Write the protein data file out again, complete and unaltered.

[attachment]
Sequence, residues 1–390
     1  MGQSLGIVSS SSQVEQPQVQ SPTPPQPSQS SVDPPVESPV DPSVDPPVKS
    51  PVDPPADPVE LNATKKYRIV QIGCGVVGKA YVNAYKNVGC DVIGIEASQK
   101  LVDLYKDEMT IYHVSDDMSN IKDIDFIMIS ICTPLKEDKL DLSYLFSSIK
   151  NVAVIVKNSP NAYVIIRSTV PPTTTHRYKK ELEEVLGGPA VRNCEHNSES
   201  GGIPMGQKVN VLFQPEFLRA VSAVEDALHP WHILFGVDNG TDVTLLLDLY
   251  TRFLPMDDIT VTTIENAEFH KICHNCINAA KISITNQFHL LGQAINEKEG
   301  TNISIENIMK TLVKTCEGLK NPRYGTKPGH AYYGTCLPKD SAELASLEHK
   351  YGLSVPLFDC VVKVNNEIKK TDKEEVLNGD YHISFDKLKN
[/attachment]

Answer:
Sequence, residues 1–390
     1  MGQSLGIVSS SSQVEQPQVQ SPTPPQPSQS SVDPPVESPV DPSVDPPVKS
    51  PVDPPADPVE LNATKKYRIV QIGCGVVGKA YVNAYKNVGC DVIGIEASQK
   101  LVDLYKDEMT IYHVSDDMSN IKDIDFIMIS ICTPLKEDKL DLSYLFSSIK
   151  NVAVIVKNSP NAYVIIRSTV PPTTTHRYKK ELEEVLGGPA VRNCEHNSES
   201  GGIPMGQKVN VLFQPEFLRA VSAVEDALHP WHILFGVDNG TDVTLLLDLY
   251  TRFLPMDDIT VTTIENAEFH KICHNCINAA KISITNQFHL LGQAINEKEG
   301  TNISIENIMK TLVKTCEGLK NPRYGTKPGH AYYGTCLPKD SAELASLEHK
   351  YGLSVPLFDC VVKVNNEIKK TDKEEVLNGD YHISFDKLKN